Setting up your first solo exhibition on a budget – Getting ready

Part 1 – Ever thought about having a solo exhibition but weren’t sure how to go about it? Sometimes you just need to draw a line in the sand and bite the bullet. Some artists will organise an exhibition themselves while others will expect someone else to do all the legwork. But what does that mean?

These three posts are about the legwork I did organising my own solos while on a budget. I am drawing on my years of art exhibitions at small to medium venues.

As it is a very detailed post I am dividing it up into 3 different posts. Here are the headings.

  • Getting ready
  • Owning the room
  • Opening night

These are the items covered with this post;

  1. Preplanning
  2. Timeline for marketing
  3. How many for a solo
  4. How big
  5. Getting your wall art ready
  6. Labelling

1 Preplanning

  • What’s the best option for you? Check your budget to see how much you can spend.
  • Venue
    • Think about the location.
    • Easy parking?
    • Some councils provide free space but the wait list can be very long or the space is where there is no passing trade.
    • If commission is mentioned it is generally 10-20% in Australia.
    • Some venues want an upfront flat rate for hiring the space.
    • More commission and sometimes much more (around 50%) if done by a gallery. They know what they are doing and can provide your audience. To start out I wouldn’t recommend this. You can trial it later.

2 Timeline for marketing

  • How will you market yourself before the exhibition? Don’t rely on just friends.
    • Send hints out as soon as you find out you have the space so people can ‘save the date’.
    • 2 months out – Print off posters and ask shop fronts if they will let you put them in their window.
    • 2 months out
      • Start getting your artwork framing and custom mats made.
      • Start typing in each work’s details into Excel.
      • Set aside a weekend to focus on on your solo
    • 1 month – Send a text as a reminder with further details for those you sent the ‘save the date’ text.
    • 1 month – Hand out postcard brochures to local shops and noticeboards.
    • A few weeks before send your official invites to seal the deal. Go physical and digital with invites.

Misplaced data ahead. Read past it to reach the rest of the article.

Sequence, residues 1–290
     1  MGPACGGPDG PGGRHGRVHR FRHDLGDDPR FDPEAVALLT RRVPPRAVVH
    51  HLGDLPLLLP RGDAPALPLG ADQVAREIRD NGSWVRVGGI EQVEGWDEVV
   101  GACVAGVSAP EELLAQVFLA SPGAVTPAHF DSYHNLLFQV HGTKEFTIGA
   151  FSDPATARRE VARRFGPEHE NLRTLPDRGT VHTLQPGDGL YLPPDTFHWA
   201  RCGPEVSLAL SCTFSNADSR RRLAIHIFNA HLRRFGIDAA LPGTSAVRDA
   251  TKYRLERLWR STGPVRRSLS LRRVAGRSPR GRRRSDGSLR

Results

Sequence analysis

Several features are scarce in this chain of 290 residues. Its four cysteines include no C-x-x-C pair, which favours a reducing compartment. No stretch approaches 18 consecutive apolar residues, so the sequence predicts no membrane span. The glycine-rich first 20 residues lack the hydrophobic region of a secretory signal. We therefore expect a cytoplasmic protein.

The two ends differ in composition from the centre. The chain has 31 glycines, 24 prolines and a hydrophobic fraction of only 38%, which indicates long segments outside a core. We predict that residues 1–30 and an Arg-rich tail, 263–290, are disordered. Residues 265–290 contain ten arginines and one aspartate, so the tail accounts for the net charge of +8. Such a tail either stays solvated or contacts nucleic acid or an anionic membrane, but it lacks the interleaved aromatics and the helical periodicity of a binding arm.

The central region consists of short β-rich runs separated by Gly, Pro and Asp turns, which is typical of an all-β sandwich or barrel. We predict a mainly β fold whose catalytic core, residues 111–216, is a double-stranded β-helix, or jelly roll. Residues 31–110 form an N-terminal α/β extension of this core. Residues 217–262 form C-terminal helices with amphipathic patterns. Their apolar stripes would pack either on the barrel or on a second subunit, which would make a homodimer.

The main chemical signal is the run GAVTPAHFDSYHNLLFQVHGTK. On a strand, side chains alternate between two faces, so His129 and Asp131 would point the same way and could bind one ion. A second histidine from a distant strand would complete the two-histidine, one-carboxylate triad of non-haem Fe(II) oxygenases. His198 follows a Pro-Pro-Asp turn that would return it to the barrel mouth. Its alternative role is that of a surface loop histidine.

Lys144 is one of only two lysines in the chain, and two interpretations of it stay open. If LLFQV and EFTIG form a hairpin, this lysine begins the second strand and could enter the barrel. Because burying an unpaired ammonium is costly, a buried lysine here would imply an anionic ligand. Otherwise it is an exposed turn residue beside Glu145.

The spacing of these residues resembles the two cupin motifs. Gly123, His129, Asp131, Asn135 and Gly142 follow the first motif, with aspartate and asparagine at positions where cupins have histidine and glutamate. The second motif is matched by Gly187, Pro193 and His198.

• Business Cards – Do you have a business card? This would be a good time to make them up.
  • Postcards – You can have postcards about your opening with date and time. but you need to order these so they are received about 6 weeks before you intend to exhibit.

3 How many for a solo

Have around 30 to 40 artworks ready to go before contemplating a solo art exhibition. You don’t need to use all of them. Vary your sizes and type. It gives you choice.

4 How big

  • Who is your audience?
  • What is your budget?
  • Where will you store them safely before and after the exhibition?
  • Large
    • Stretched canvas 30″x 40″ look great but can take much longer to sell. I usually have 1 or 2. Can warp over time. I try to hang on walls to minimise risk when not in use.
  • Medium
    • Stretched canvas 12″ x 18″ or 18″ x 24″ most people can find a place for this size
    • Store bought wooden frame 12″ x 12″ (8 x 8 opening). Custom mats.
  • Small
    • Stretched canvas 8″ x 12″
    • Store bought wooden frame 9″ x 9″ (4 x 4 opening for miniatures) Custom mats.
    • Either group them together on the wall, or have them filling logical niches.

5 Getting your wall art ready

  • Store bought frames only [read my article Create to Frame]
    1. Get your custom mats made up at the framer. Frames with mats bought may be non archival and the wrong size. I stick to archival mat.
    2. Attach your work to the mat that has been made up. Use water activated gummed tape for paper and cartridge.
    3. If the work is canvas board you will need something stronger so it doesn’t fall off.
    4. Make sure there is no dust or prints on the glass before you seal the back.
    5. Will you sign and where? [see my article Sign or not to sign an artwork]
    6. Seal back using water activated gummed tape. Keep it neat.

Now for all your wall art

  • Put D-Ring eyelets on. They sit flatter.
  • Decide how far down you will attach the D-Rings. Too high you might see the hook. Too low the work will sit out from the wall at the top more. Attach string now or when you start to hang them.
  • Photograph finished work.

6 Labels

  • On your computer print off the details for the back of the work
    • Title
    • Short narrative about it but not essential
    • Medium (ie oil on canvas)
    • Your name
  • Print off the details for the wall under your work.
    • Title
  • Laminate the details and cut them with equal size margins so they look uniform across the exhibition.
    • Slice on a trimmer
    • Decide how you will attach these. I always use a couple of small rolled balls of something like Bostic as it will not damage the wall.

OK what’s next? Whoa hold on. Did I mention how time consuming that all this will be? You will need to dedicate a couple of weeks to get the labels and art ready. You want things looking good yet not be stressed out on your opening night because you left things until the last minute.

Dezzie 2022

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